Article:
AIM has a vested interest in not getting its funders in trouble, irrespective of patient privacy. The group is funded by the industry, many of whom are accustomed to ignoring safety laws. AIM doesn't have to disclose its funders, but its financial dependence on the industry is no secret. Hustler publisher Larry Flynt, a noted opponent of condoms in porn, held a fundraiser for AIM earlier this year. AIM was co-founded by the leading lobby group for the porn industry as a response to an HIV outbreak in 1997.

If Cal-OSHA got ahold of AIM’s database of producers and scenes, inspectors could track down the lawbreakers and fine them. Right now, a lot of porn companies literally get away with selling DVDs of their own safety violations because it’s so difficult to trace an unprotected anal sex scene in a porno to the person responsible for making it.

It's legal to shoot hardcore porn in California, but despite growing mainstream legitimacy and healthy profits, the porn industry hasn't completely outgrown the habits of an underground enterprise.

The latest HIV case is sure to revive the debate about whether condoms should be mandatory. This is a red herring. Condoms are already mandatory in porn in California. The question is why the industry is allowed to break the law with impunity.

Cal-OSHA can only do so much. Obviously, the state legislature needs to get tough with the porn industry and introduce a condom law that's both tougher and easier to enforce.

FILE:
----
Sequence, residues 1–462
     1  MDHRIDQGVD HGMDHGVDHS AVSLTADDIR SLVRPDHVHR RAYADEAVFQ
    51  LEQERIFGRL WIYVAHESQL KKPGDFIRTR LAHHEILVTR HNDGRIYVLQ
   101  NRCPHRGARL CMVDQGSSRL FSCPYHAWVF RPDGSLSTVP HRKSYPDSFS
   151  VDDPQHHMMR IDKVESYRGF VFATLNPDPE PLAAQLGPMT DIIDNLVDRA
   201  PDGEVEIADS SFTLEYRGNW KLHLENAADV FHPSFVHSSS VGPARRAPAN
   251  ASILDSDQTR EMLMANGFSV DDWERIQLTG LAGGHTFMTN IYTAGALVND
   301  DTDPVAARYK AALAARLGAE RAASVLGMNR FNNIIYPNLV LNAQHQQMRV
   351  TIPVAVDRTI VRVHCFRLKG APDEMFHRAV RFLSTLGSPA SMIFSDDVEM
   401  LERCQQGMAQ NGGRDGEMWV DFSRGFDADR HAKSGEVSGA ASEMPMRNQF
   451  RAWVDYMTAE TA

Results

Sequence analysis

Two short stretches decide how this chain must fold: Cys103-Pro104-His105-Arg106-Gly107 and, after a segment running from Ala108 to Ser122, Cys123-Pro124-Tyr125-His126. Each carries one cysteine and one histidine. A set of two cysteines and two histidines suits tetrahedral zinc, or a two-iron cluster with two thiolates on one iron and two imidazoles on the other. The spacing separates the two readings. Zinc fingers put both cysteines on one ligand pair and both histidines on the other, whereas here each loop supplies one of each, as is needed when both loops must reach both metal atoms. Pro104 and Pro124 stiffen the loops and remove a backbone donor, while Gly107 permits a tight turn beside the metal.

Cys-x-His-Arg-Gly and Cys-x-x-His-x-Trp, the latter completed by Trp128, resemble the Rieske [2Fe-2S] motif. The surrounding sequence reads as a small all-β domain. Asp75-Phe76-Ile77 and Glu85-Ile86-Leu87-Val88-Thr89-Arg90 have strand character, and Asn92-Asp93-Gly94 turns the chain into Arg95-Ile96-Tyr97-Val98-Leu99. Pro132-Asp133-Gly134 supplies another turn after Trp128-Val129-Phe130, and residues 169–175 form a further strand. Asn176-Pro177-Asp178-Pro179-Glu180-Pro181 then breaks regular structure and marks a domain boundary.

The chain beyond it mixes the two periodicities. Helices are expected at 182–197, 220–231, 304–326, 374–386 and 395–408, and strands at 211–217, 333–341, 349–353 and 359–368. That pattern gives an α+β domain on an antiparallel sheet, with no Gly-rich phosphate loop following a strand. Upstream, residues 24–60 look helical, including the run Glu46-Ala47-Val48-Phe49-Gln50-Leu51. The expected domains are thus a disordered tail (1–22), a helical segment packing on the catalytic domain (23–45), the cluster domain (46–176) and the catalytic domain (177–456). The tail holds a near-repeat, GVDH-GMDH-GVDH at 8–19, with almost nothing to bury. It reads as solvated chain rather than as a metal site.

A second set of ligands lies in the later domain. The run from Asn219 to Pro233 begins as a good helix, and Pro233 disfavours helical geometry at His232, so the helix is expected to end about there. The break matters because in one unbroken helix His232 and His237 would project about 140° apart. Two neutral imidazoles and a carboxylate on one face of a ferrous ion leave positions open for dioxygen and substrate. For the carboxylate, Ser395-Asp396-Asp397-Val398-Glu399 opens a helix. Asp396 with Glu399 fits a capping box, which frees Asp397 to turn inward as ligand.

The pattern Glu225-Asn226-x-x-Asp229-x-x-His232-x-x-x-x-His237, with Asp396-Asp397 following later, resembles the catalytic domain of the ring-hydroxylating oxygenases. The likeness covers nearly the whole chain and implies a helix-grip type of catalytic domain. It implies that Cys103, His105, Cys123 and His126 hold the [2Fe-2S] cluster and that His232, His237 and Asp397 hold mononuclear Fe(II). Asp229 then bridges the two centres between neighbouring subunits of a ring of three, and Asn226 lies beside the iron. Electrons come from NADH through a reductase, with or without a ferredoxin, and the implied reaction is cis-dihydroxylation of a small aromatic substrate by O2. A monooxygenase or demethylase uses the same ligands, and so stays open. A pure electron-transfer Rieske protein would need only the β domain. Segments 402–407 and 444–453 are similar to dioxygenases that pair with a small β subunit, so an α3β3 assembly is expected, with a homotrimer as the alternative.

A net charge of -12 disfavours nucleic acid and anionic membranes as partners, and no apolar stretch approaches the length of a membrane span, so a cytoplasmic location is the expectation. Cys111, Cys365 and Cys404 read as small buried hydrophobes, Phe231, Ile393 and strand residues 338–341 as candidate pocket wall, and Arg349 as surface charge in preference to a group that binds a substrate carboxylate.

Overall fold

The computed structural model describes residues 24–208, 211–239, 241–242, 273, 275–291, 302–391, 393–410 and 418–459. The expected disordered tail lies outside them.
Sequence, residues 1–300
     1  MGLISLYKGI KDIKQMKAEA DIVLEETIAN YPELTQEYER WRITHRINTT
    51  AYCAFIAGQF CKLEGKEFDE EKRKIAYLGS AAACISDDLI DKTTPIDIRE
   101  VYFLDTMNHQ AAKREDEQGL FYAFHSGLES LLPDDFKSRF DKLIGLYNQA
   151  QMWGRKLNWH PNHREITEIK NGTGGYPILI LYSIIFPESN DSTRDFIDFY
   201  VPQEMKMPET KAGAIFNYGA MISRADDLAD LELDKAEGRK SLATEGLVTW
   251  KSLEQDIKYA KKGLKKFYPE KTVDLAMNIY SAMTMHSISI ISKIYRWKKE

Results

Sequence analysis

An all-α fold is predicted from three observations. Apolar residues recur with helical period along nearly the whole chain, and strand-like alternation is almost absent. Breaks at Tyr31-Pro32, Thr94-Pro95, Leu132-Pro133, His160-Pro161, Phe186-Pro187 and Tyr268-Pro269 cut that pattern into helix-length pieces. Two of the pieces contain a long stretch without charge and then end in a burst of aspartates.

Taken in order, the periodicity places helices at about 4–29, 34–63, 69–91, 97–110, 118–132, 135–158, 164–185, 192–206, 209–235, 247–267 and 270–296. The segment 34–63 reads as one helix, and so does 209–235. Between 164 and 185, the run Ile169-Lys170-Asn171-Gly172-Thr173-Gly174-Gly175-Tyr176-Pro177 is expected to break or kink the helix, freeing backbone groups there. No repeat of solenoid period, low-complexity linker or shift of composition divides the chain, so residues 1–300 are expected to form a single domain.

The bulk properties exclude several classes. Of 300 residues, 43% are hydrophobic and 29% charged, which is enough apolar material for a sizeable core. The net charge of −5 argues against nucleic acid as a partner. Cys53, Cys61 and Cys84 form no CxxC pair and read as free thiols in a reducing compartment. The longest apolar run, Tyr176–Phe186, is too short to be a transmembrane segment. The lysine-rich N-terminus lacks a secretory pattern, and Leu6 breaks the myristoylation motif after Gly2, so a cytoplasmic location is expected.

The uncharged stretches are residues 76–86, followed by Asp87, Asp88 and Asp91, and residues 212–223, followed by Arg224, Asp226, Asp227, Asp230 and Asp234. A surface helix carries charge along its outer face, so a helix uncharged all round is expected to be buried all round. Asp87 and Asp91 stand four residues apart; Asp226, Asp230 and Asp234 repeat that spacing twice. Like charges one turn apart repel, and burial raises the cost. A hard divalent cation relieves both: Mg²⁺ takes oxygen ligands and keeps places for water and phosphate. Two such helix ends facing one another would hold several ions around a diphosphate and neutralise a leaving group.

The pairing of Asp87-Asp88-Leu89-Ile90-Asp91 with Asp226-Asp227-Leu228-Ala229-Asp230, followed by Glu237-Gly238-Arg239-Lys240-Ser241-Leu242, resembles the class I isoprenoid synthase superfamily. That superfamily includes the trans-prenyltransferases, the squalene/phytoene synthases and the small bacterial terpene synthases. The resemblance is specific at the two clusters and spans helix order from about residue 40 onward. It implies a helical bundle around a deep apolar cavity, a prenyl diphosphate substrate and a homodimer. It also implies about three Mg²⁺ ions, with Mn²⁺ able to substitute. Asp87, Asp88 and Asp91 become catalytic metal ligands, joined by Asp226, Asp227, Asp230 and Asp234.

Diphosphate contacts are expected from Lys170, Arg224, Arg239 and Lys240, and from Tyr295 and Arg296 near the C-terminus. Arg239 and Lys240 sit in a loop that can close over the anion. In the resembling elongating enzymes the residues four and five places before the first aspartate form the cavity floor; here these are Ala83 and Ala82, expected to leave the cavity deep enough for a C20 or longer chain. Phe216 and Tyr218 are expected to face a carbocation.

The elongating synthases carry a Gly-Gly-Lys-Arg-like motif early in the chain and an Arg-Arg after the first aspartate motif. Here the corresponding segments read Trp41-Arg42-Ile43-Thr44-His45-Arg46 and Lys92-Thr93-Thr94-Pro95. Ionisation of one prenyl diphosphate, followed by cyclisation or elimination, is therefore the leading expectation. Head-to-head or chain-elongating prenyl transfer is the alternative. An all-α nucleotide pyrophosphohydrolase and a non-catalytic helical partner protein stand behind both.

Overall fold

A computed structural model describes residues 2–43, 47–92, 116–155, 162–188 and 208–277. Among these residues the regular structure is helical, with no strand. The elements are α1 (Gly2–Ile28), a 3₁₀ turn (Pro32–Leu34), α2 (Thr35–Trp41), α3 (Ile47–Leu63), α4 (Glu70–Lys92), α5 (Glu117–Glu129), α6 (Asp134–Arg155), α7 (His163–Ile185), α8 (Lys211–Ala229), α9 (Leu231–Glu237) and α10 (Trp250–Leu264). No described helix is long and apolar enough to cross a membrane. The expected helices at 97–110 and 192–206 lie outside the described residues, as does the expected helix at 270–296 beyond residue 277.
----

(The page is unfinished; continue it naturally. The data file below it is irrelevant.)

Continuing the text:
The industry is fighting tougher rules, citing AIM's testing program as proof that barrier protection is unnecessary. But AIM is responsible for investigating itself if the system fails. If the system wasn't working, would we trust them to tell us?

It's too soon to tell whether the latest case of HIV in the industry represents a triumph or a tragedy for AIM. Maybe the testing program caught the virus before it could spread, in which case this would be a success story. Or maybe the positive test came too late. Given the limitations of the tests, successful containment is a heavily dependent on luck and timing.

Bottom line: Worker safety is too important to be left to chance. The porn industry should not be an exception to that rule.

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Lindsay Beyerstein is an award-winning investigative journalist and In These Times staff writer who writes the blog Duly Noted. Her stories have appeared in Newsweek, Salon, Slate, The Nation, Ms. Magazine, and other publications. Her photographs have been published in the Wall Street Journal and the New York Times' City Room. She also blogs at The Hillman Blog (, a publication of the Sidney Hillman Foundation, a non-profit that honors journalism in the public interest.